Central America and Caribbean

Bilingual workers fuel Nicaragua’s economy

Nicaragua bilingual

Nicaragua, in 2016 saw a huge boost in exports, booming to $147 million, compared to $5.9 million in 2008, and they mostly have bilingual workers to thank for it.

One of the main drivers behind Nicaragua’s export success stories is the outsourcing of services. The industry saw a growth from 12 companies involved in 2007, to more than 40 companies currently, mainly based in Managua, the country’s capital.

Among the companies is US call center startup QC2, that has just announced their expansion plans in Bluefields, a city with just over 100,000 residents.

“We identified a very attractive talent pool, and we are ready to test the waters in Bluefields,” said Alexander Franklin, CEO of QC2, adding “Our vision is to make Bluefields the next major outsourcing destination in Central America.”

Franklin also believes in the power of collaboration, which is key when introducing a city to the industrial realm.

“Our success in Bluefields is critical for the industry. It is key for QC2 to collaborate with other outsourcing Companies in order to help them establish their operations in Bluefields as well, without having to incur the cost of infrastructure and other expenses, all while allowing them to benefit from having a presence in this destination.”

However, the main driving force behind the industry’s boom is in the increase in bilingual workers. Said increase is pushing the industry into expanding beyond just call centers, which Álvaro Baltodano, presidential delegate for investments, addressed when talking about the benefits for foreign investors.

“In certain cases for companies, certain activities can mean an extra cost, either monetary or time, difficult to assume. And here is where they plan to leave it in the hands of specialized companies. Certain types of services can be added, such as customer service, recovery of Portfolio management, payroll administration, marketing and sales, information technology services, among other activities.”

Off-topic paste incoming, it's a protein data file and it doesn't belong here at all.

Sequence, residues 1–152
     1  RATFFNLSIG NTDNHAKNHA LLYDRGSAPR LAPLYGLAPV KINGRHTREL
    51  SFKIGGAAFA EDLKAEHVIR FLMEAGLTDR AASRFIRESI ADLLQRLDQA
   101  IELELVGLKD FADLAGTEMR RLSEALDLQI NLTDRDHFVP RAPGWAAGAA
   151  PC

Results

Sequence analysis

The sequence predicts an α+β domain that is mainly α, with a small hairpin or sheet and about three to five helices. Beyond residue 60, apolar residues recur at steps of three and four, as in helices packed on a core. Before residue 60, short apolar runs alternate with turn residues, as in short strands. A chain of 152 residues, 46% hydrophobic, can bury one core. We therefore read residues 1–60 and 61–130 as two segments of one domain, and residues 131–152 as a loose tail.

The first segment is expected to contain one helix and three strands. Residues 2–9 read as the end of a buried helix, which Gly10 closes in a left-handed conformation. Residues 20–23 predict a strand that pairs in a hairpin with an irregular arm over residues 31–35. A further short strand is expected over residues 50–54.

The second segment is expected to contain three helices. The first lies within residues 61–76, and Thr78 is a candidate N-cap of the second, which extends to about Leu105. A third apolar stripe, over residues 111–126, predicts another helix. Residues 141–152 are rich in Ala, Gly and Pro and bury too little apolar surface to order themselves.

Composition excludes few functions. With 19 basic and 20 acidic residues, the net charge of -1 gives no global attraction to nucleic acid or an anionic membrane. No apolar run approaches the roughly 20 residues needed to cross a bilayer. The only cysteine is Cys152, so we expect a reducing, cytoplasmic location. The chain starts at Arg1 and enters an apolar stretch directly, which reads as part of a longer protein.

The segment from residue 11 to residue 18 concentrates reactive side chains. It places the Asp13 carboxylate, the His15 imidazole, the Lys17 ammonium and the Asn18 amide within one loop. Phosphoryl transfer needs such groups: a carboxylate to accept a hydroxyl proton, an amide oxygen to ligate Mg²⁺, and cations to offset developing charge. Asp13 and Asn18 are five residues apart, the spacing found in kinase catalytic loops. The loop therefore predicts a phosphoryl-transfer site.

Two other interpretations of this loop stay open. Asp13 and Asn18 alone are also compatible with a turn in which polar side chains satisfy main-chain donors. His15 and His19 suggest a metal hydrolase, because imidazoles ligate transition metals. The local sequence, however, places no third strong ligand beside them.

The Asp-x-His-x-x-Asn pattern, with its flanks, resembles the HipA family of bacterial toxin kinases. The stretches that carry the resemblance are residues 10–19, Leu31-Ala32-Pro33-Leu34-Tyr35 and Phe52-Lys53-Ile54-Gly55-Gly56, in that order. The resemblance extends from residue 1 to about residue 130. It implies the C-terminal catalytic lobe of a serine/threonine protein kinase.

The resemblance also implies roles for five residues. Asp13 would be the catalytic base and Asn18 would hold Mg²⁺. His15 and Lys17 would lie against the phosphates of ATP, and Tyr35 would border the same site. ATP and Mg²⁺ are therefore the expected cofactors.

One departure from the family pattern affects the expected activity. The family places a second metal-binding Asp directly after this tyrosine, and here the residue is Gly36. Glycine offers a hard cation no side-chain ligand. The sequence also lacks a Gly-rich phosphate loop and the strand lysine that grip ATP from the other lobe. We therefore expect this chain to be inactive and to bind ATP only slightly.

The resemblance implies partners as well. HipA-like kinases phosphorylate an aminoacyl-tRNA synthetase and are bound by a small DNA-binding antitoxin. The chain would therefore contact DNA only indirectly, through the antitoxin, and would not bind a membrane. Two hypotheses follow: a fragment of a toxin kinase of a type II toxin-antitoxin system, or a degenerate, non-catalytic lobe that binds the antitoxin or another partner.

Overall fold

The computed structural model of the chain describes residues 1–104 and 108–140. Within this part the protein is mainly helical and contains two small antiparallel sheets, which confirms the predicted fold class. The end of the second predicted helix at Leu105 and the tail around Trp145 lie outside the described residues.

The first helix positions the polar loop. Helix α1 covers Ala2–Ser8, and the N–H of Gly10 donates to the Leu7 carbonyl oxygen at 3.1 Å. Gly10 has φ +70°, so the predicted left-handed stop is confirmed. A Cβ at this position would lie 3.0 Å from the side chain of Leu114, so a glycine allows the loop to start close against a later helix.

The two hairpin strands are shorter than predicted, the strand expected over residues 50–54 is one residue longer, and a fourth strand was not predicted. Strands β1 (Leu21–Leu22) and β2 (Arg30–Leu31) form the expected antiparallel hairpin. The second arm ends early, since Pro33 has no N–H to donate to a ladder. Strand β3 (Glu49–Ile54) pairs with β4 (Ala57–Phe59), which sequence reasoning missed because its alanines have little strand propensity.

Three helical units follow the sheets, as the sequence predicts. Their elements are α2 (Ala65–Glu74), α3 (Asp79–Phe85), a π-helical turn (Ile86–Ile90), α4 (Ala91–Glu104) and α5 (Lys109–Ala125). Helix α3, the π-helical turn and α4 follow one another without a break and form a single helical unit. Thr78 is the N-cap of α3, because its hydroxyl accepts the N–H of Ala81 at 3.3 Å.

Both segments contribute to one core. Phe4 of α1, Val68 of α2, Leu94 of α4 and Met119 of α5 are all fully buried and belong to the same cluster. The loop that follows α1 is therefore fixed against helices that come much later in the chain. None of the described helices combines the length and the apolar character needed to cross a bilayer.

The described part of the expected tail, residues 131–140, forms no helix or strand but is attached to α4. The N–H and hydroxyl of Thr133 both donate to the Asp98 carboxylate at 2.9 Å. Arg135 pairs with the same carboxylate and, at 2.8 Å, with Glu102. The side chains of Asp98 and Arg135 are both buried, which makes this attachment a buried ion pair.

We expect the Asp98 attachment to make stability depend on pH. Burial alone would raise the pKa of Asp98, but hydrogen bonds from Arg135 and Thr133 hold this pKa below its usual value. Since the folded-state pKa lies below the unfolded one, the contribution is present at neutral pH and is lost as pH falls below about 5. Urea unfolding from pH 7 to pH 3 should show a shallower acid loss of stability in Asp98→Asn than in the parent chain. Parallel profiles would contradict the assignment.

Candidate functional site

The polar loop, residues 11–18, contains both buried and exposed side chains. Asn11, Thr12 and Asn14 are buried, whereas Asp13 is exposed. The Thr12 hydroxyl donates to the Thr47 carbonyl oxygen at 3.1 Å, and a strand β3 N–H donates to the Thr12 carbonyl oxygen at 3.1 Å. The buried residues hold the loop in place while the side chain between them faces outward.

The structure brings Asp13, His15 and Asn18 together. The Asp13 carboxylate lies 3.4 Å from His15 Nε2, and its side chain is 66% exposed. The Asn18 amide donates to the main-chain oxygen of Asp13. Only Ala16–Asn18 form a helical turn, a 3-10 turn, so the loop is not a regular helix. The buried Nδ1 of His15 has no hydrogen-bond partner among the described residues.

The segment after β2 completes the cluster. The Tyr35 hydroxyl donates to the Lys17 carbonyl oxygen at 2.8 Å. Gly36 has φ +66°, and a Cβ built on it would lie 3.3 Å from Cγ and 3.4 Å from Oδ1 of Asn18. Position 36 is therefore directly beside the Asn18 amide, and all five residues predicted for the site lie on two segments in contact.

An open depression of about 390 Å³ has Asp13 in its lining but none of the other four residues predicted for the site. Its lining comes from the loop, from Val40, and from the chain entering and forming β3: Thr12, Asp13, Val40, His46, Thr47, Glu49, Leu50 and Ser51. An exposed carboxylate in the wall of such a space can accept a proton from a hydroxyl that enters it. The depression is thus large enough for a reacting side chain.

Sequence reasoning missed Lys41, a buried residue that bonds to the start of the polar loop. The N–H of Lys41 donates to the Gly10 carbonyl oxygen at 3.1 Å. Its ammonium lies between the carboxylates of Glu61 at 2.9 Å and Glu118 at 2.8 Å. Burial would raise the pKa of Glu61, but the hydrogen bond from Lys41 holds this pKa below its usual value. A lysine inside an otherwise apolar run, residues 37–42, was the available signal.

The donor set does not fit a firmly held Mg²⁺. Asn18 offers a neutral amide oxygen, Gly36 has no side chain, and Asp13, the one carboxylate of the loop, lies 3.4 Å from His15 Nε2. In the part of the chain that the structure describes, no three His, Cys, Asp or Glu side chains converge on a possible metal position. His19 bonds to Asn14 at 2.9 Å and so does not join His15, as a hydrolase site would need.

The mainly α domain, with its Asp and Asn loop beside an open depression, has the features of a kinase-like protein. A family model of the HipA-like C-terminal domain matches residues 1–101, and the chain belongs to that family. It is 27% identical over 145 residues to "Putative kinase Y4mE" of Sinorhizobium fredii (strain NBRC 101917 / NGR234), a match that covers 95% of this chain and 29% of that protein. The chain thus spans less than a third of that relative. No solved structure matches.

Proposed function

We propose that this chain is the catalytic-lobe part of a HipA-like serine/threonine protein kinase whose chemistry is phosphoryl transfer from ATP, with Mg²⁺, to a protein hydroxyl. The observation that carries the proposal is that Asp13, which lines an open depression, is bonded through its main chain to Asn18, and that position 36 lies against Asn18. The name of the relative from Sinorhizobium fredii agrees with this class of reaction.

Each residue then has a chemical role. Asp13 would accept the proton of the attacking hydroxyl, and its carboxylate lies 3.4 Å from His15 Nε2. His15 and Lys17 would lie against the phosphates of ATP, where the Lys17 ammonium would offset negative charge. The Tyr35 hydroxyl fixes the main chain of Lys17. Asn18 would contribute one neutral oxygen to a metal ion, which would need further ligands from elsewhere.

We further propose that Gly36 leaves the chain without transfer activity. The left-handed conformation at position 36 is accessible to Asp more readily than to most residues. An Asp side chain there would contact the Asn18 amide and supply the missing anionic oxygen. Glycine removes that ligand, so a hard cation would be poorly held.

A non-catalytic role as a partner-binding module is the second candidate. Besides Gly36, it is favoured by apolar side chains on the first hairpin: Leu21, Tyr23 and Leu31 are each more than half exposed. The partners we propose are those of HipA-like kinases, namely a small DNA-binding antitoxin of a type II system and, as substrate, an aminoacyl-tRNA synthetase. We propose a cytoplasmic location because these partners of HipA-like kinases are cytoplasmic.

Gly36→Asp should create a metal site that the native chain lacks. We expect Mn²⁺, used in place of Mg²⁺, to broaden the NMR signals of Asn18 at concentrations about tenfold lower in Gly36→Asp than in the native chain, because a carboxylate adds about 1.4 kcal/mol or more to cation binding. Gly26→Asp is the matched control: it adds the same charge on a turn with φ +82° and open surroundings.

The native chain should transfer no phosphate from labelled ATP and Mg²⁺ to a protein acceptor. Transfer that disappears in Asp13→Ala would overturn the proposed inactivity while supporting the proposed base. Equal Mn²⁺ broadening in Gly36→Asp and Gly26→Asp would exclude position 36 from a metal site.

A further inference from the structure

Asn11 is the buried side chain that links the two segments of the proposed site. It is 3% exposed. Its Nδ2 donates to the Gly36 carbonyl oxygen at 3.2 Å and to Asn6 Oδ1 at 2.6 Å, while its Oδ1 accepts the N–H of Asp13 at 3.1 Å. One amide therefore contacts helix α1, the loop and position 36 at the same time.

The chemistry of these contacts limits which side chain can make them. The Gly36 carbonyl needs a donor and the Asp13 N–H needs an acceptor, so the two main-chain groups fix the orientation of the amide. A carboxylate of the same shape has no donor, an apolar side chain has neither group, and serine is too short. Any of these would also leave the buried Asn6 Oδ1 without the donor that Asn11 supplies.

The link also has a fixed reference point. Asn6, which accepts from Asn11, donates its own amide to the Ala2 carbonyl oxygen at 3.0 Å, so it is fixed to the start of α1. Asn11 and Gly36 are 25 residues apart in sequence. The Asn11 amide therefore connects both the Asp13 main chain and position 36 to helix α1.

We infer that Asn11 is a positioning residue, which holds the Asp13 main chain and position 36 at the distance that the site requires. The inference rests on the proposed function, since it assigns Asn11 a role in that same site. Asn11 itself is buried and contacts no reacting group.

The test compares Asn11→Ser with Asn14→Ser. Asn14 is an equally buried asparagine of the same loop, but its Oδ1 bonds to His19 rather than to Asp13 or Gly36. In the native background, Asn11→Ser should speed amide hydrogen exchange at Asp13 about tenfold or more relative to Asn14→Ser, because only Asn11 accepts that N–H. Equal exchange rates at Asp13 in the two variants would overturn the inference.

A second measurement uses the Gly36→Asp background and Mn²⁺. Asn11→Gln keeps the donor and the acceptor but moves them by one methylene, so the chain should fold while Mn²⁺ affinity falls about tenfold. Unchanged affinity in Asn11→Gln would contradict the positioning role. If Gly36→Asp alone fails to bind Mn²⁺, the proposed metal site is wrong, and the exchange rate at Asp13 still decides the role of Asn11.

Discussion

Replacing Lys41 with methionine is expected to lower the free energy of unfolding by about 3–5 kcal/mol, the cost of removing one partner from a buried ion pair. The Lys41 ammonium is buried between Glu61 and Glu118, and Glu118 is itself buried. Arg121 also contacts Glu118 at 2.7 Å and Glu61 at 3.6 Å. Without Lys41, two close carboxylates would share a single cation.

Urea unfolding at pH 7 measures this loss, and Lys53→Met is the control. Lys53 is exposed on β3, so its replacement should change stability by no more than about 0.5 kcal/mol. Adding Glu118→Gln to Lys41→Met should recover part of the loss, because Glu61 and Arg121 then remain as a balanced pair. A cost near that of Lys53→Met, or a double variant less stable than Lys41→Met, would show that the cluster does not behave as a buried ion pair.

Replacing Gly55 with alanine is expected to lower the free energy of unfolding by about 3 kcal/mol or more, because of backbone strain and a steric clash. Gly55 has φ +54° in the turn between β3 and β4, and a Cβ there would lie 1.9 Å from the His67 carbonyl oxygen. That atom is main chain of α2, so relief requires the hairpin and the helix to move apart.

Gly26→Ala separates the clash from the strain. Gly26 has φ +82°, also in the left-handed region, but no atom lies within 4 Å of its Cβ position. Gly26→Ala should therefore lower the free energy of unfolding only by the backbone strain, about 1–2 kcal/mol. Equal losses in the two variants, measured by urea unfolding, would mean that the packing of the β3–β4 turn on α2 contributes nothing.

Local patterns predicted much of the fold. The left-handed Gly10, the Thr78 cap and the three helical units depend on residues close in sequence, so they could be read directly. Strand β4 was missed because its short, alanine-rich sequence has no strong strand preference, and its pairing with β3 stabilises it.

The country counts for just over 5,300 English-language speakers of an advanced level, including the graduation class of 319 students in May and June this year from Managua’s international schools.

President of the Superior Council of Private Enterprise (Cosep), José Adán Aguerri, however, addresses his main concern towards the new bilingual generation.

“Part of the problem we have is to see how you change the mentality of young people so that they really go to those kinds of economies, which is where the world is headed, because young people have stayed traditional mainly in the secondary sector and in The tertiary sector, are not entering this type of economy, but it is an effort that must be promoted.”

As its economy grows, Nicaragua benefits more and more from its geographical position, as it is only a few flying hours away from key cities in the US and cities in South America. Its strategic location may have the country seeing a potential economic boom in the future.

 

 

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